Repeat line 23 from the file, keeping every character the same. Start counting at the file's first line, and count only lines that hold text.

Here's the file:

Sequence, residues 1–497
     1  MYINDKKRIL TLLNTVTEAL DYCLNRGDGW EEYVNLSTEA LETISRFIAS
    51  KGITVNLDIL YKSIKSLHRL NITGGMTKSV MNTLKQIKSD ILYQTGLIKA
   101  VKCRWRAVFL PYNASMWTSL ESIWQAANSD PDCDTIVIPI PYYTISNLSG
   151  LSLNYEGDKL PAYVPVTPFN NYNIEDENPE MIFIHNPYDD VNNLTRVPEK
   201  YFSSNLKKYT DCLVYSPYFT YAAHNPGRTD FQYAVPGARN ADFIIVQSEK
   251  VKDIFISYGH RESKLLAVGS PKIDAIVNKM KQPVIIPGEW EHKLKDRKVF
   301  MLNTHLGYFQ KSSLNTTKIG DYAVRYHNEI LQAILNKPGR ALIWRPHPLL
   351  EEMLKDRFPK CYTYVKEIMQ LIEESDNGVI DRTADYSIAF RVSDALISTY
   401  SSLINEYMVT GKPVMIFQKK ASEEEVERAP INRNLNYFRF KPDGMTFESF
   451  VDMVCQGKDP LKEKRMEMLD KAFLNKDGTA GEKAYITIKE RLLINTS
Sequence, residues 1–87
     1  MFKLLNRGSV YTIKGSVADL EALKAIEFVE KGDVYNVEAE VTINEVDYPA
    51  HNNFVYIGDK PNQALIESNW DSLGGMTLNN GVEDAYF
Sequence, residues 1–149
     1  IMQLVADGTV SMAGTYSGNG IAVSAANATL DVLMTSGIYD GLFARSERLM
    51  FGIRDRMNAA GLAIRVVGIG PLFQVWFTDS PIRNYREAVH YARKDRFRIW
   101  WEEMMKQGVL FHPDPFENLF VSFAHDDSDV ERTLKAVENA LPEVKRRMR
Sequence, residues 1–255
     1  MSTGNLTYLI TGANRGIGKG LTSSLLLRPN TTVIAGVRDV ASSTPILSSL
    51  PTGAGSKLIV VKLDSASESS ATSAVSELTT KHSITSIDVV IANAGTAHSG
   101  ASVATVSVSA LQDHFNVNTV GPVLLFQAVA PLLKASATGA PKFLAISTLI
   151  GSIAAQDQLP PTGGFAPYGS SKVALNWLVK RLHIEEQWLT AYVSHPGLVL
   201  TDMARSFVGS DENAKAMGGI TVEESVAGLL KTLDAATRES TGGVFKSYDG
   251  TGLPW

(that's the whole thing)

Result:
   151  GSIAAQDQLP PTGGFAPYGS SKVALNWLVK RLHIEEQWLT AYVSHPGLVL